14 months in a row – U.S. manufacturing continues to decline

TEMPE, Ariz. – The American manufacturing sector contracted in December for the 14th consecutive month. The Institute for Supply Management’s index came in at 47.4%, a slight easing from November, but still a decline. Any reading below 50 indicates a contraction.

As of October, the sector is in its longest stretch of decline since the Great Recession in 2008.

“The U.S. manufacturing sector continued to contract, but at a slightly slower rate in December as compared to November,” said Timothy R. Fiore, ISM chairman. “Companies are still managing outputs appropriately as order softness continues. Demand eased, with new orders contracting at a faster rate. Panelists’ companies maintained production levels month over month and continued actions to reduce head counts in December, primarily through layoffs.

“Suppliers continue to have capacity,” he continued. “84% of manufacturing GDP contracted in December, up from 65% in November.”

Only one of the 18 manufacturing industries recognized by the ISM reported growth for the month (primary metals). One reported no change, while the 16 others reported a decline, with furniture among them.

“Higher financing costs have diminished demand for residential investment,” said a wood product manufacturer. “Customers are delaying a portion of their plans until borrowing costs are reduced. We are impacted with reduced new orders, diminished backlog of orders and uncertain short-term demand for products and services.”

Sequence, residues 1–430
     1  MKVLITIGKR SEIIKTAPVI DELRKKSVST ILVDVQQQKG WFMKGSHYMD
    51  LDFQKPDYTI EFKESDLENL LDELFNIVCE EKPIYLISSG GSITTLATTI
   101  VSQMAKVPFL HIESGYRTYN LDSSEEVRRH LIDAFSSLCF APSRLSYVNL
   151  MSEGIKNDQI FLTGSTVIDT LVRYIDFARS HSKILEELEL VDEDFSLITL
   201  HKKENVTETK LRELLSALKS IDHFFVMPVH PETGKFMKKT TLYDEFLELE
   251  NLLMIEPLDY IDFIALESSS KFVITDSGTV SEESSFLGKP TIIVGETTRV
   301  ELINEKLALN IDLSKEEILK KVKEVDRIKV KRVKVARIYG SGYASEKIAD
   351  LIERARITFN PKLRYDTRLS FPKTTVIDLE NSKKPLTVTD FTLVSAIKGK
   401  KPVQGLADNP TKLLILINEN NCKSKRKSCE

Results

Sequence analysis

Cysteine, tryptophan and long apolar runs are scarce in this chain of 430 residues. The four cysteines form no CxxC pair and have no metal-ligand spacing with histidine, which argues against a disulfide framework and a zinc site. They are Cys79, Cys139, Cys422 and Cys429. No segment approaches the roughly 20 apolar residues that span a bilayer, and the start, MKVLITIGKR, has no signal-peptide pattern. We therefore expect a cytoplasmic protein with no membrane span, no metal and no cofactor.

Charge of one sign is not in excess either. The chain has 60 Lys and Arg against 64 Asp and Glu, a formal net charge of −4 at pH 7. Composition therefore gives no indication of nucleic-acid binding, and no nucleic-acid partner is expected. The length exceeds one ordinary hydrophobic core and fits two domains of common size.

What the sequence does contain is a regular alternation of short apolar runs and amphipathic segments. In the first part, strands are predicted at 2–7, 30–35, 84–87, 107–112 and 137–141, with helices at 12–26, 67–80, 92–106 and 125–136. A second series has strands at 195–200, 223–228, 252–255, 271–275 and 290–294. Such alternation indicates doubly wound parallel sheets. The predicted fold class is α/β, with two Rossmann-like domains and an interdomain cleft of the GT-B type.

Furniture reported a decline in new orders and production output, while reporting no change in employment. It reported a decline in supplier delivery speeds and an increase in inventories. It was one of six industries to report that customer inventories are too high. The industry continues to report paying less for raw materials.

Despite the continued decline, manufacturers last month were overall optimistic about 2024, per the ISM. Per the report, 15 of 18 industries expect revenues to increase for the year, while 14 predict an increase in production output. Overall, 70% of respondents expect labor and benefit costs to grow in 2024, by an average of 5.9%.

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